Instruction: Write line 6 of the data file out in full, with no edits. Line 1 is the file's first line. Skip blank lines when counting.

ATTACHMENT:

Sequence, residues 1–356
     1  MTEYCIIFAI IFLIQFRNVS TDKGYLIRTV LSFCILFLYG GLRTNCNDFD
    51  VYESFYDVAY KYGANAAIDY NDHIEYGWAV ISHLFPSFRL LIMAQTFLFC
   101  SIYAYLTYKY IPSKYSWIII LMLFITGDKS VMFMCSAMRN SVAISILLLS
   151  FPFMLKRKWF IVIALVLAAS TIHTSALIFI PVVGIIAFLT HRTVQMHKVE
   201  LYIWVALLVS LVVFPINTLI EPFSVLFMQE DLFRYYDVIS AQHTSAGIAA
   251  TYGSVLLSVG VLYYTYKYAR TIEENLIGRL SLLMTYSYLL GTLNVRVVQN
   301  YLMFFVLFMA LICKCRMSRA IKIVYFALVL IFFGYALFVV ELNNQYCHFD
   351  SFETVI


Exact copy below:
   201  LYIWVALLVS LVVFPINTLI EPFSVLFMQE DLFRYYDVIS AQHTSAGIAA